Working from home can seem like a real luxury. No travel time, flexible hours and a pants-optional workplace are all pluses but how do you stay productive in a home office environment?
When working from home, it’s important to find ways of maintaining your drive to get stuff done, even when no one is watching. Start by creating a dedicated work space. This can be as simple as defining a specific room or surface as your office. Preferably, not one you associate with leisure. Viewing this home office as your workplace during business hours is a mental association that can support your productivity.
It’s vital that everyone you live with understands that they need to respect your space during work hours. Keep a clear boundary between your work and personal life.
Set your work hours and stick to them. What time of day are you most productive? We all have ebbs and flows, so identify when you get the most done and plan your schedule around it. Save challenging tasks for when you’re in the right headspace and deal with people when you’re at your most alert. Phone calls and meetings require your undivided attention.
Gaining momentum can speed up work you’ll get done. Getting started early is key. Wake up, put on coffee and have breakfast, then dive in. Changing out of your jammies and into work clothes will help get you into work mode.
Structure your day by deciding ahead of time what you’ll be working on. Without planning, you may lose focus. Use your computer’s calendar to create reminders so you know when to switch tasks.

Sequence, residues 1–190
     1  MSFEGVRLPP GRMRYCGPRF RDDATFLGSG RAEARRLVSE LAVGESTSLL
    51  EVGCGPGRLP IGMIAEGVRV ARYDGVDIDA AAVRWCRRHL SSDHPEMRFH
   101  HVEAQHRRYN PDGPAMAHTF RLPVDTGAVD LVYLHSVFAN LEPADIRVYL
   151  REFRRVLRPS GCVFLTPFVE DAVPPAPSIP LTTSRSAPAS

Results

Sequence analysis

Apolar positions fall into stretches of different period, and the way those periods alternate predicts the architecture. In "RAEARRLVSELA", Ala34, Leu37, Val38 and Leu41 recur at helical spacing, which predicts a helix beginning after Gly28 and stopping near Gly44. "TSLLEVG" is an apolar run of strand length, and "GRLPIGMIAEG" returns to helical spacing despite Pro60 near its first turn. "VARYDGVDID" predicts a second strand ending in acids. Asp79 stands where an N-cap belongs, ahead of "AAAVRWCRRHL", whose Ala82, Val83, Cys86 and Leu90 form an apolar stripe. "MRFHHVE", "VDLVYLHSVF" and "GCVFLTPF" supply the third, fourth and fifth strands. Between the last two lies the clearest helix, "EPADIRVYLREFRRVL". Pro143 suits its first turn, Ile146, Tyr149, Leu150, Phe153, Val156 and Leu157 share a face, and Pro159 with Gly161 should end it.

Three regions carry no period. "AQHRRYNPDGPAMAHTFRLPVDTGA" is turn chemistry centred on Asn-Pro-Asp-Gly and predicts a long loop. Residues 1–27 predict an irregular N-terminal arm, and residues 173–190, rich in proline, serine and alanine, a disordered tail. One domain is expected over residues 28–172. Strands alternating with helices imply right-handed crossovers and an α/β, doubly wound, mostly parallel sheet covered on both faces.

Here are some other tips…
- Work in public occasionally. Somewhere with free WiFi like a café or library can simulate the energy of an office.
- Overestimate how much work you want to get done each day. Even if you come up short, you'll still achieve a lot by knock-off time.
- Listen to music that matches the energy of the project you're working on. Try songs without any lyrics, as they’re less distracting.
- Working from home can leave you feeling cut off from the rest of the office. Use technology to stay connected and productive.
- Set mini-deadlines by using household duties as a timer. Put on a load of washing before you start a task and aim to complete it by the time the cycle is finished.
- Take breaks. Get away from your desk. Go outside. Interact with other humans in real life. Order a coffee, run some letters to the post office. You don’t need to be working 100% of the time to be productive.
By Grant J Everett, Panorama magazine
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